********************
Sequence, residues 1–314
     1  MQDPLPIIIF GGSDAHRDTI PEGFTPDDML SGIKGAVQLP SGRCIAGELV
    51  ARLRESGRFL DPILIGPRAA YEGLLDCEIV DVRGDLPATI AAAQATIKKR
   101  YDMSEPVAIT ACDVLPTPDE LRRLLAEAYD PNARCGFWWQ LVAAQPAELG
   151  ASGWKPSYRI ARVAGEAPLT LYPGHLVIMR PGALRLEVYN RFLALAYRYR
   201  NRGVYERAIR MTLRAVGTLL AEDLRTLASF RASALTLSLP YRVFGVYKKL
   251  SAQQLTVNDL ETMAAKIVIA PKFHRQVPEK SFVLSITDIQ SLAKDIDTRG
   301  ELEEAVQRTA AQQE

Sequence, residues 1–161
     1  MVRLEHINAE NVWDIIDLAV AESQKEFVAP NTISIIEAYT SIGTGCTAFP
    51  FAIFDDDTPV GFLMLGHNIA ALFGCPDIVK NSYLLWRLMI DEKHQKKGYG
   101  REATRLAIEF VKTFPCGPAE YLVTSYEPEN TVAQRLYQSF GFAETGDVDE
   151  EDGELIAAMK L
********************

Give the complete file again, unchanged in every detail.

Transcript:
Sequence, residues 1–314
     1  MQDPLPIIIF GGSDAHRDTI PEGFTPDDML SGIKGAVQLP SGRCIAGELV
    51  ARLRESGRFL DPILIGPRAA YEGLLDCEIV DVRGDLPATI AAAQATIKKR
   101  YDMSEPVAIT ACDVLPTPDE LRRLLAEAYD PNARCGFWWQ LVAAQPAELG
   151  ASGWKPSYRI ARVAGEAPLT LYPGHLVIMR PGALRLEVYN RFLALAYRYR
   201  NRGVYERAIR MTLRAVGTLL AEDLRTLASF RASALTLSLP YRVFGVYKKL
   251  SAQQLTVNDL ETMAAKIVIA PKFHRQVPEK SFVLSITDIQ SLAKDIDTRG
   301  ELEEAVQRTA AQQE

Sequence, residues 1–161
     1  MVRLEHINAE NVWDIIDLAV AESQKEFVAP NTISIIEAYT SIGTGCTAFP
    51  FAIFDDDTPV GFLMLGHNIA ALFGCPDIVK NSYLLWRLMI DEKHQKKGYG
   101  REATRLAIEF VKTFPCGPAE YLVTSYEPEN TVAQRLYQSF GFAETGDVDE
   151  EDGELIAAMK L